Surviving your first week of college

by frank-stuart

Your first week will be full of energy, new faces, fun, facts, friendship, and important tips to get you started. You may be full of nerves and at times overwhelmed, but here are some great tips that will help make your first week a breeze. Take a deep breath and launch yourself into your new career.


  • Asks lots of questions – it’s a great icebreaker.
  • Join societies – you will network with peers in the second and third year of your degree that will be wonderful mentors and friends. You can even be an advocate for your own degree program!
  • Join the Uni Games team – some of my best ‘tertiary memories’ were had at Uni Games – you won’t be disappointed!
  • Meet the Library staff and attend Library training – Library staff are committed and highly knowledgeable individuals. They will be a valuable resource for you throughout your tertiary years.
  • Lifelong friends and fun – Believe me, the friends you meet in this phase of your life will become your lifelong friends and even your future work colleagues. There are rewarding social times ahead too.


  • Be early each day, ensuring that you have packed your materials such as note pads, iPads, pens, etc. You will also need sports shoes and appropriate attire for practical classes.
  • You will be issued with a Timetable and assigned into a Tutorial Group, which will determine your weekly schedule, and the peers you will have the majority of your classes with.
  • Unit outlines will be issued in each new class and these contain key materials regarding assigned texts, readings, assessment tasks (average 3 per unit), due dates of all assessments, a weekly overview, semester dates, Lecturer and Tutor contact details and their office locations.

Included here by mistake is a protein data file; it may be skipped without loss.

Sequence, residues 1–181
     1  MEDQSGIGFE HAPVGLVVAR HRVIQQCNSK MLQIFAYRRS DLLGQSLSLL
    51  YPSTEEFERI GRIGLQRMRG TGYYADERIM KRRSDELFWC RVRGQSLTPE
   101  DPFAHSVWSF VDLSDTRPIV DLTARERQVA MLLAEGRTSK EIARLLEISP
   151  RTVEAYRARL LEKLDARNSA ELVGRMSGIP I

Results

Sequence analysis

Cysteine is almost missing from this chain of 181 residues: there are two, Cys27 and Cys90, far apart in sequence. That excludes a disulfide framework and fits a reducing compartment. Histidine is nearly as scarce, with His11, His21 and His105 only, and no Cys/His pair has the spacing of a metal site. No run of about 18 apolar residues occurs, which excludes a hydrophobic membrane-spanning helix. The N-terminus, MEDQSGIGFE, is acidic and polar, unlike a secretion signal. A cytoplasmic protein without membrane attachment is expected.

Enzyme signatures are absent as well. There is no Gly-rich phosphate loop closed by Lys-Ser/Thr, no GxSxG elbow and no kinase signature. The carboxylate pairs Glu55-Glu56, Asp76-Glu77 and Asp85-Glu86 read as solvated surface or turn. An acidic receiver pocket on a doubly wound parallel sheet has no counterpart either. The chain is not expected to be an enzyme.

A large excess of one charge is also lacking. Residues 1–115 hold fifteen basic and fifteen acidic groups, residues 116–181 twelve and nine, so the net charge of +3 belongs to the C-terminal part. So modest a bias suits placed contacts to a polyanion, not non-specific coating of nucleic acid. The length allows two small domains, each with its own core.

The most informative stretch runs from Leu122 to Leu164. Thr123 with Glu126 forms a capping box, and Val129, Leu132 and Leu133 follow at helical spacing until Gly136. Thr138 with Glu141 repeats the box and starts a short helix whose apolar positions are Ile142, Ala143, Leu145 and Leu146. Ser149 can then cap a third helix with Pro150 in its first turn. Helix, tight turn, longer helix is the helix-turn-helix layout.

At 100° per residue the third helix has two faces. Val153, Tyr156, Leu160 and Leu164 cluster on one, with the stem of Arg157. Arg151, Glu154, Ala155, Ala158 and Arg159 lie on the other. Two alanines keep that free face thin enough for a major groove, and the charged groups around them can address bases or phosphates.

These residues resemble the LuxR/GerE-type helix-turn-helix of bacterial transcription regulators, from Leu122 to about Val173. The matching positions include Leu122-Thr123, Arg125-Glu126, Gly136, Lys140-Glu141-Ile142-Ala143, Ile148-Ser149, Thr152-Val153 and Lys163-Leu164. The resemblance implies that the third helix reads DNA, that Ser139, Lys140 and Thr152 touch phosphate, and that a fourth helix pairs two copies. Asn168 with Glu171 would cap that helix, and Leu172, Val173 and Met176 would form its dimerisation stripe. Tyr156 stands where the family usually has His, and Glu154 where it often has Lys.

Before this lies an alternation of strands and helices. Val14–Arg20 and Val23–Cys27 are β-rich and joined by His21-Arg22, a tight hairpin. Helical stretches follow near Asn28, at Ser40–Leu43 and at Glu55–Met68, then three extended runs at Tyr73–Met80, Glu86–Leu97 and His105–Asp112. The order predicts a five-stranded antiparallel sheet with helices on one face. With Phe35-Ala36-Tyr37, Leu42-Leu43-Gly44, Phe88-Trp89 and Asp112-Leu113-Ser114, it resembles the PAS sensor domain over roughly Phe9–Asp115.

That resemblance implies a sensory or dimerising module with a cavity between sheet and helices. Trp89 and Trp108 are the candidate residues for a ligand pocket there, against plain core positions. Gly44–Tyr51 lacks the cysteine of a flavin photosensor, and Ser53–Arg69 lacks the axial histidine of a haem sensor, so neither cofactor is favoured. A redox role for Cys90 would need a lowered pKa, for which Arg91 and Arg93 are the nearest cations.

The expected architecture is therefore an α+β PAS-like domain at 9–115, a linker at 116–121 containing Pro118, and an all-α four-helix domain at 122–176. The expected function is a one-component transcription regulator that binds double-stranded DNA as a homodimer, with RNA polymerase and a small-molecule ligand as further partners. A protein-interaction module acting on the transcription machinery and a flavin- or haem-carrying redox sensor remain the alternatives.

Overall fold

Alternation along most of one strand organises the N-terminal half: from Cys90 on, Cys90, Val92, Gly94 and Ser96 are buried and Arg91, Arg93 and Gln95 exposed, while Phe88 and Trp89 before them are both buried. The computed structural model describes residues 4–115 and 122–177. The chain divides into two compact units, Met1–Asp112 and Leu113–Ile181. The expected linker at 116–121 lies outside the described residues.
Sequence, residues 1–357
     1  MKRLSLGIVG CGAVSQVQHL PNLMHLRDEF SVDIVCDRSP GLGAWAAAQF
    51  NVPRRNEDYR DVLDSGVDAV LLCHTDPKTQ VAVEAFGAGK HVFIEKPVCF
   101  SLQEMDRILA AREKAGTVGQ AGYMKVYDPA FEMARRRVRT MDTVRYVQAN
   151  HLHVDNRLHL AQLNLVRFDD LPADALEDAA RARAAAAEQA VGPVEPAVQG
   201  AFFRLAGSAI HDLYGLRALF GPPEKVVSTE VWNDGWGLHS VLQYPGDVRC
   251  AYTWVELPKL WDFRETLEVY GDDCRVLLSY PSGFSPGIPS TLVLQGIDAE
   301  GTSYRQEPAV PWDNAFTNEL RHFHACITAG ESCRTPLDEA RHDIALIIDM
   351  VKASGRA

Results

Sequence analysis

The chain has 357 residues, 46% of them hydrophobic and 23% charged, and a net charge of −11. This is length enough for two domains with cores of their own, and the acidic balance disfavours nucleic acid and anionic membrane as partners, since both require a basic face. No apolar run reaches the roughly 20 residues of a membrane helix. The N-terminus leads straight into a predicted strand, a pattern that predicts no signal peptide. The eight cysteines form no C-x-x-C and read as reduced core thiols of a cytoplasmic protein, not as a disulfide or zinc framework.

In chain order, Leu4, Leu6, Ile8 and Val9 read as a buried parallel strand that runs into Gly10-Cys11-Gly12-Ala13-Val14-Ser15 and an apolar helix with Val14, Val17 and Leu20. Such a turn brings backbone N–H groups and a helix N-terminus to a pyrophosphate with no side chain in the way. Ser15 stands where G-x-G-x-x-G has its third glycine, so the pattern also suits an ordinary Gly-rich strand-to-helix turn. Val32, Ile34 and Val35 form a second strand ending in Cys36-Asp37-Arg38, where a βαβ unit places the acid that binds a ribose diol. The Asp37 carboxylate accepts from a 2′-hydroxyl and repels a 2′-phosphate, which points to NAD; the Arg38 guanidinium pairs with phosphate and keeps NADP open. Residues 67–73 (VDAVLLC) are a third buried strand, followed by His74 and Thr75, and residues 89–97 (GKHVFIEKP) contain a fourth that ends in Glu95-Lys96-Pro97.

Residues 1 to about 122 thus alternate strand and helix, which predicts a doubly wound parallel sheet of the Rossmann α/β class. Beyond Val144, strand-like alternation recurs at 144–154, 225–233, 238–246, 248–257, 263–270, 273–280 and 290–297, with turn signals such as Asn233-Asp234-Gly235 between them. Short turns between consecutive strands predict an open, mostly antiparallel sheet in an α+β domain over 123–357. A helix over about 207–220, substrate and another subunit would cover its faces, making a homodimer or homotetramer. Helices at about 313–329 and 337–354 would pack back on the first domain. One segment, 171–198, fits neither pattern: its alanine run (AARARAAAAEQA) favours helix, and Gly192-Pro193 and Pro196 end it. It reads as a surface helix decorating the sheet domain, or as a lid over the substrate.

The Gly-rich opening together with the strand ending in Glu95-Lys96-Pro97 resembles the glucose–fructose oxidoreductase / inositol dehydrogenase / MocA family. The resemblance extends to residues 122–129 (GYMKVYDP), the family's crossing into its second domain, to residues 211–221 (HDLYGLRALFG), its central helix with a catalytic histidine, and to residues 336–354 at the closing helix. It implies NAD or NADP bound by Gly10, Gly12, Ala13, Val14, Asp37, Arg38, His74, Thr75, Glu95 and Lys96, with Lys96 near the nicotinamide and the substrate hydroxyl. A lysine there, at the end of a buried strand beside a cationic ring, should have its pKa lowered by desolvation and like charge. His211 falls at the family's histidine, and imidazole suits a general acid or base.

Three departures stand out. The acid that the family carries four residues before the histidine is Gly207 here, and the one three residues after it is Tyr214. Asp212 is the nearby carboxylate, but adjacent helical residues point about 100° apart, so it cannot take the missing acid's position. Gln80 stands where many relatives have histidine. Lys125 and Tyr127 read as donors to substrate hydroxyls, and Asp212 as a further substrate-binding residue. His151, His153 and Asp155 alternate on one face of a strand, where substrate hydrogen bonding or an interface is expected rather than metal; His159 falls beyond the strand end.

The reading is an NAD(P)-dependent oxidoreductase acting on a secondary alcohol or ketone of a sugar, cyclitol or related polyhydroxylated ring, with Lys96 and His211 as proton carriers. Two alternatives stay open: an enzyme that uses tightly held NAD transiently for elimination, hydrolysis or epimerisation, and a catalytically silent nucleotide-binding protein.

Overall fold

• Create a timetable that works for you either through Outlook, I-calendar, MS excel or Word. Place a hard copy in your folder, wallet or books and keep an electronic copy on your phone.
  • Familiarise yourself with text books and reading lists for each unit.
  • Attend every lecture and tutorial, sit towards the front of the lecture rooms, be willing to share ideas in tutorials, and contribute to your learning and development.
  • Be Organised! Take notes in each session and then file your study notes and handouts in a folder with dividers for each subject. Summarise these notes and start your assessment tasks early. Don’t get caught out and try to pull an ‘all-nighter’. There is no way you will be able to produce the standard of work required for tertiary education in a few hours!


  • Learn where classrooms and common rooms are located, and ensure you know where to start the day each morning. Your group will then move together from room to room, so you can share the journey around your campus each day.
  • Parking space may be limited or situated in set parking stations. Find a parking space that is convenient. For example, you should not be leaving lectures in order to move your car during your study days.
  • Study support services and student support services are essential tools for success. Meet the key staff and find their offices and meeting rooms. Again, don’t be shy, the more help you receive, the greater your success can be.
  • Finally, learn where social programs and jobs are posted. These will be online such as your institution’s website and Facebook pages, but you may find vital information on notice boards, monitors located around your campus, computer screen savers in PC labs, common areas, and even in restrooms! This access to information completes the tertiary experience and ensures you have all aspects of your study-life covered.

At ACPE, Student Services gives students ongoing support to help ease the transition into college life. Mentor programs link you with key academic staff and student leaders who will help answer any questions you may have. All you really have to do is ask!

Visit the ACPE website for more information >

By Angelee Boyd – Associate Dean (Student Services) at ACPE

Angelee commenced at ACPE in 2002 and in 2007 and was appointed Associate Dean (Student Services). She has held Course Convenor roles for the Bachelor of Education and the BHM (Sport) degrees and managed the Elite Athlete Program. Angelee is currently on leave in the USA with her family for 2012 and is still developing and leading online units for ACPE. She will graduate with her PhD in July 2012.


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